YPIC challenge award

Gala Dinner at Hostal dos Reis Católicos 

Wednesday 20th

Plenary Session VI: Top-down proteomics

Chair: Juan J Calvete

The Increasingly Important Role of Top-Down Proteomics and the Proteoform in Human Health and Disease
Neil Kelleher. Northwestern University, Evanston, USA

Topic Session IX: Top-down and Chemical Proteomics

Chairs: Juan J Calvete, Carlos Cordeiro

A systematic map of protein-metabolite interactions reveals principles of chemical communication
Ilaria Piazza. ETH Zurich, Switzerland.

Structural elucidation of proteoforms from Actinobacteria by Top-down MS
Julien Parra. CNRS IPBS, France.

An integrated workflow for cross-linking/mass spectrometry
Marta Mendes. Technische Universität Berlin, Germany.

Topic Session X: Food & Nutrition Proteomics

Chairs: Paola Roncada, Miguel Ángel Sentandreu

Optimisation of protein extraction for in-depth profiling of the cereal grain proteome
Utpal Bose. C CSIRO, Queensland, Australia

Characterization of short digestion-resistant peptides of cow’s milk allergens by digestomics approach
Tanja Cirkovic Velickovic. Ghent University Global Campus, South Korea

Differentiation between fresh and frozen–thawed curled octopus using two-dimensional gel and shotgun proteomics
Maria Mazza. Istituto Zooprofilattico Sperimentale del Piemonte, Italy.

Coffee Break & Posters

Topic Session XI: Disease Proteomics III

Chairs: Fernando Corrales, Bruno Manadas

Multi-omics and functional investigations in hepatic and skeletal muscle mitochondria of pre-diabetic mice
Lisa Kappler. University Hospital of Tübingen, Germany.

Exosomes as new players in dedifferentiation and cartilage remodelling in osteoarthritis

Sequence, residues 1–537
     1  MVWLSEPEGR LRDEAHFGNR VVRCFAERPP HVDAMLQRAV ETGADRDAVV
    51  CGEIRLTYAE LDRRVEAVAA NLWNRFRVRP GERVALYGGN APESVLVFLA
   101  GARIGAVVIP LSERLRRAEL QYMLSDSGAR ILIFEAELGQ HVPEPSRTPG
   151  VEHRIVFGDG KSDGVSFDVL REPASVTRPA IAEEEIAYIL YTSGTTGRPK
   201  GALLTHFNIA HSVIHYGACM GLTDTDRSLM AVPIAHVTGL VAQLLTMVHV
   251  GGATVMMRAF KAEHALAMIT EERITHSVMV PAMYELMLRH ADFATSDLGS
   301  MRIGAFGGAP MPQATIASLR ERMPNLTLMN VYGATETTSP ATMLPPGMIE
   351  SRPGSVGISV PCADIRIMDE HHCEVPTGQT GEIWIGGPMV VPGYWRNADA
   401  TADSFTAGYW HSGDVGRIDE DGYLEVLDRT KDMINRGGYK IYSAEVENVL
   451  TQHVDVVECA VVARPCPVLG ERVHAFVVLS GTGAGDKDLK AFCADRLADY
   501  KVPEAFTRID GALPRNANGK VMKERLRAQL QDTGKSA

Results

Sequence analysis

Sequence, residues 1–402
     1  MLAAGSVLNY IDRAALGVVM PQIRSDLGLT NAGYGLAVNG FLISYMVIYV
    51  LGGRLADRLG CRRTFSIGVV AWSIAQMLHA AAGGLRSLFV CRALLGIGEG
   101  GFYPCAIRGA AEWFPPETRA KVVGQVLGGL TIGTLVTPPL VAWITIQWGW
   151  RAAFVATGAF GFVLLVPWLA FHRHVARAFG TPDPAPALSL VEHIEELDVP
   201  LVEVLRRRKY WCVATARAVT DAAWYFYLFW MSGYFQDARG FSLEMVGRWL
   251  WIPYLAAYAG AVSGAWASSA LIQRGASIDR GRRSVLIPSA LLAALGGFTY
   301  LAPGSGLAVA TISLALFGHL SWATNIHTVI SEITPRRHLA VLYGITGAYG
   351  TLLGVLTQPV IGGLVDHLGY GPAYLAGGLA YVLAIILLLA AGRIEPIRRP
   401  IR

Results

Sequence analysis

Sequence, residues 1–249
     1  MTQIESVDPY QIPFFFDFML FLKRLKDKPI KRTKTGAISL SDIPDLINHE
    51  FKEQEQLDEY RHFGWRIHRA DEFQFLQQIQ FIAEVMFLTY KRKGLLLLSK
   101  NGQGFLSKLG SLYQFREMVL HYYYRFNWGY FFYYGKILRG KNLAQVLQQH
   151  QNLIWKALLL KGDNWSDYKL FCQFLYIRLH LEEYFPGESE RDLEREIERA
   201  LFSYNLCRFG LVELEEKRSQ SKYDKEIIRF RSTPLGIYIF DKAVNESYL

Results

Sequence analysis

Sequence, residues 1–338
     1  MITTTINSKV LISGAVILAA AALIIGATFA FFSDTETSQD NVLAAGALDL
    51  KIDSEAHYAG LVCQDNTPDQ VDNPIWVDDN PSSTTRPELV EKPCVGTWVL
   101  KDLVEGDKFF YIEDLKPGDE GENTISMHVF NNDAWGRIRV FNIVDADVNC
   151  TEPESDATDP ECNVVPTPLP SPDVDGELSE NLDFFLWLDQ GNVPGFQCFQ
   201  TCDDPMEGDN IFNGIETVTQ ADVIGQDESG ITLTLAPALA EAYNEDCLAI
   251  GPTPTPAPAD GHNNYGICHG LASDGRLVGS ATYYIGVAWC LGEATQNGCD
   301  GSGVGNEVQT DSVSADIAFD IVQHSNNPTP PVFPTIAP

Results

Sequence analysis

Marta Varela Eirín. INIBIC, Spain.

An optimized protocol for the analysis of laser microdissected muscle tissue samples for mass spectrometry
Britta Eggers. Ruhr-University Bochum, Germany.

Verification of rheumatoid arthritis activity biomarkers by targeted proteomics.
Lucía González Rodríguez. INIBIC, Spain.

Integrating Serum Proteomics, Metabolomics and Lipidomics to Study the Effect of Sport Activity
Marcello Manfredi. University of Piemonte Orientale, Italy.

Unravelling a knee Osteoarthritis-associated Autoantibody profile for early diagnosis: Data from the Osteoarthritis Initiative
Maria Camacho Encina. INIBIC, Spain.


Biognosys Logo Color

Biognosys Lunch Seminar

Longitudinal Plasma Profiling with Stable Isotope Standards and Data- Independent Acquisition Analysis
Sebastian Müller, Biognosys

Use of a novel DIA acquisition for enhanced throughput analysis with an exploratory targeted reagent strategy in Clinical Proteomics Research David Heywood, Waters Corporation.

Lunch & Posters

Plenary Session VII: Closing Session

Chairs: Deborah Penque, Ángel García

A proteomic map of the target landscape of clinical kinase inhibitors.
Bernhard Küster. Technische Universität München, Germany

Juan Pablo Albar EuPA and SEProt Awards ceremony.

Young Investigator Prize, Industry Award, and poster prizes.

Closing remarks

Educational program co-organized by EuPA, SEProt and Proteored/isciii.

iscii proteored FEDER ISCIII MINECO 2017